Auction-theoretic aspects of cross-border auctions
D6.2, July 2019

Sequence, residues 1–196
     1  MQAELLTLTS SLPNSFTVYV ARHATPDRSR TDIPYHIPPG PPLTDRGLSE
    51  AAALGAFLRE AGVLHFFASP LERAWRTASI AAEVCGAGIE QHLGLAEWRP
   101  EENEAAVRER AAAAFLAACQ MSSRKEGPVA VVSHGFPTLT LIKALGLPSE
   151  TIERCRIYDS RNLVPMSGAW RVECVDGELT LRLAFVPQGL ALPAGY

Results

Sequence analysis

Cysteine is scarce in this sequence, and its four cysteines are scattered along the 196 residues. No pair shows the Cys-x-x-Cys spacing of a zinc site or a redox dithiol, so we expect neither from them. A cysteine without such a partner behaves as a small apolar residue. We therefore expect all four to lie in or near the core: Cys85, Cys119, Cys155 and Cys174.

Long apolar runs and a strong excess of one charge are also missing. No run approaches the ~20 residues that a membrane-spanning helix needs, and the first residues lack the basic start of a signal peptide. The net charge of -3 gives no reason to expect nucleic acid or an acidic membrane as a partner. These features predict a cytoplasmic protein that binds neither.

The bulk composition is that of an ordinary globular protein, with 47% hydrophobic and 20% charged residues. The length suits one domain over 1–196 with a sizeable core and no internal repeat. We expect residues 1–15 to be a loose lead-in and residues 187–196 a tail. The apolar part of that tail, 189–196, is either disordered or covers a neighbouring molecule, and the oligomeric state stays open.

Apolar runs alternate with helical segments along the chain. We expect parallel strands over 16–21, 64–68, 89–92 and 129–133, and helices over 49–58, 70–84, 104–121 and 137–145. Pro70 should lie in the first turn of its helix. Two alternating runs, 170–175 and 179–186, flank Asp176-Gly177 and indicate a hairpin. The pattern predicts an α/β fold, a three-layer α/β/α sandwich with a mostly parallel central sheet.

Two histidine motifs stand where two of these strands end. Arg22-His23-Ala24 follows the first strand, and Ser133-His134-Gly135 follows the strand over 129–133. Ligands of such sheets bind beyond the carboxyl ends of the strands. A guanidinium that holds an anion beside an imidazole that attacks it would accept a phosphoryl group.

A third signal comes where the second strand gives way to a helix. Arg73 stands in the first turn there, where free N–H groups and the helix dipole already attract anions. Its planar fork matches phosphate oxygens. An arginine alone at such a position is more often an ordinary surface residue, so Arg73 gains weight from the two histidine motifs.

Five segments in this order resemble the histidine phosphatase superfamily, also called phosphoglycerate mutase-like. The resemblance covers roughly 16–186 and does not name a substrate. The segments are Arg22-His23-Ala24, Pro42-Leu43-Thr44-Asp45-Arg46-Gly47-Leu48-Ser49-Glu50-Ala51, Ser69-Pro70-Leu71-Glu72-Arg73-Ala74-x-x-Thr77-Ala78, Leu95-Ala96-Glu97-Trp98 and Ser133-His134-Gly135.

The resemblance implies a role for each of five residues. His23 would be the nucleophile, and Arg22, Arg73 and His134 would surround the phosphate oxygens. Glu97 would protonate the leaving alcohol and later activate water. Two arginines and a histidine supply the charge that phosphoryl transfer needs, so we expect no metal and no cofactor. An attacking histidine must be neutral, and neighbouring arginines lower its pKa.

Cross-border renewable energy auctions are a topic of growing interest for policymakers, but remain under-analysed. In cross-border auctions, projects located outside of the auction-conducting country can participate and compete for support. There are numerous options for designing cross-border auctions for renewable energy support. This paper examines how opening auctions to projects in other countries influences both the allocative efficiency (i.e., projects with the lowest generation costs are awarded) and the resulting award prices. A conceptual categorization is developed with three distinct types of cross-border auctions, each with different degrees of openness and implications for auction outcomes. The types are: Joint Auctions, where two countries implement a common auction scheme, open to projects from both countries, mutually opened auctions ("Mutual Auctions"), a scenario in which both countries open their auction schemes, and unilaterally opened auctions ("Unilateral Auctions"), where both countries conduct auctions but only one country opens its support scheme to foreign projects. Furthermore, we evaluate the outcomes of Separate Auctions, in which two countries conduct their auctions independently, while only domestic projects are allowed to participate. Auction-theoretic modelling shows that Joint Auctions can achieve both allocative efficiency and moderate award prices. However, a complex implementation process and necessary bi-lateral coordination might make this option difficult to realise. Sequential Mutual Auctions, i.e., when the open auctions are conducted one after another and with enough time in between the auctions and not within a very short time frame, lead to similar outcomes, but with less administrative effort, since both participating countries can choose their own auction design. The remaining design choices all show a low probability of allocative efficiency and might lead to higher awarded prices. More generally, the analysis shows that parallel auctions (where project developers must choose in which auction they want to participate and cannot participate in both) tend to decrease the efficiency of a support scheme.